He confirmed too that I was not in arrears.

I told him that I already knew this and that I always pay my accounts on time.

I told him that I am a stickler for such details.

When I enquired then what this letter of demand was about he put me on hold. He informed me that he had to make some off line enquiries.

I waited patiently for ten minutes or so.

I was listening to appalling musak.

When the Customer Services Officer returned to the call he advised that there appeared to have been a mix up. He told me that someone named Charles Peters in fact owed the debt. 

My first name is Peter. 

My middle name is Charles. 

The Singaporean Telecommunications Company that-I-shall-not-name seemed to have disregarded my surname in this matter.

I can only assume that there was a glitch in the system.

These things happen.

The Customer Services Officer assured me the matter would be remedied and I assumed that the matter was done.

I expected it was dusted. 

How wrong I was.

I received another letter about a month later from the Singaporean Telecommunications Company that-I-shall-not-name.

Then a barrage of telephone calls.

They were still demanding the money.

One thousand one hundred and twenty three dollars and thirty-seven cents.

I rang and explained the situation to them again and I also wrote them a letter.

This was all to no avail.

The calls stopped for a little while then they were taken up again.

This time by a debt collection company. 

I then explained the situation to them and I also wrote them a letter.

Again to no avail.

Then the other day – upon return from my Christmas break - I received the call from Allan, Brown and Cock.


The lawyers.

Whilst I was taking my lunch.

I was informed that the matter has now gone legal.

The lady I spoke to advised that they are intending to take me to court. She was very polite in informing me about the situation. I simply confirmed the address where the legal papers should be served. 

Then I told her to bring it on. 

I couldn’t be bothered trying to explain it all once again.

I know that I am innocent and I will correct this injustice in person. I shall clear the smirch that is upon my name.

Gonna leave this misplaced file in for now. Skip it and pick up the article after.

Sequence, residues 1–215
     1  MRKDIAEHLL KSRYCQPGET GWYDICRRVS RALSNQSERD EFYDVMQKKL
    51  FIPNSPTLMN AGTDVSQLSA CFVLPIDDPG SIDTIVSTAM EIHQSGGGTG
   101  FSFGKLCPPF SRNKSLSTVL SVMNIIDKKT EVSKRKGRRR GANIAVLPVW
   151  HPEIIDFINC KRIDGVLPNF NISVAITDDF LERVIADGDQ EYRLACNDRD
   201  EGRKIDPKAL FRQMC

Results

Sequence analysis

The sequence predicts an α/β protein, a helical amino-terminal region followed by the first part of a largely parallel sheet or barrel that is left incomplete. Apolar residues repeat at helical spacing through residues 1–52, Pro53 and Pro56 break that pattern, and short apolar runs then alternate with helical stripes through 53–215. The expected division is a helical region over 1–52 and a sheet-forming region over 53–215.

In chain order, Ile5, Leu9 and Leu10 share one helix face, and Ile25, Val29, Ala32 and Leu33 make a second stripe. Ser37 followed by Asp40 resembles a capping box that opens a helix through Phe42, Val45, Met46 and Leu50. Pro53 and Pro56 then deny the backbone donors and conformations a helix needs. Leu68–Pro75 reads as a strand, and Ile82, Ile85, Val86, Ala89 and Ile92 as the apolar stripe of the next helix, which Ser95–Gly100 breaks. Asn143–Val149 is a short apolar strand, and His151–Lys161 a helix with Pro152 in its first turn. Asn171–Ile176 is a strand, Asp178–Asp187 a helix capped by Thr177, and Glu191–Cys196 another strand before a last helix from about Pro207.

Of Peter Charles - or Charles Peters.

I shall clear the smirch before the Singaporean Courts and I am actually looking forward to having my day in court. 

It will be fun. 

It will be entertaining. 

I plan on representing myself.

And so I had my day in court today.

Well it wasn't actually a court - it was just a small and windowless room in a Singaporean Administration building.

There was no judge or jury either.

The matter was presided over by a little bloke about the same age as me.


He was sitting at a nondescript desk in a suit and tie.

I was hoping for guys in wigs and stenographers recording transcripts.

I had envisioned making impassioned pleas to citizens who had been called up for jury duty just to hear my case.

I had prepared both my opening and closing statements that were full of rhetoric and colorful language. So sitting down across the table from a little bloke with spectacles and a ballpoint pen was a bit disappointing. 

To say the least.

The court that my matter was heard in is a part of the Singaporean Subordinate Judicial process.

These courts were developed as a tribunal system to resolve small claims or disputes.

They are not courts though.

They are just small windowless offices.

The word 'tribunal' has it's origins in the thirteenth century and was derived from the Latin word Tribunus. A Tribunus in ancient Rome was literally the 'leader of the tribe'. These leaders were empowered under Roman law to settle disputes between different parties. 

Their word was final.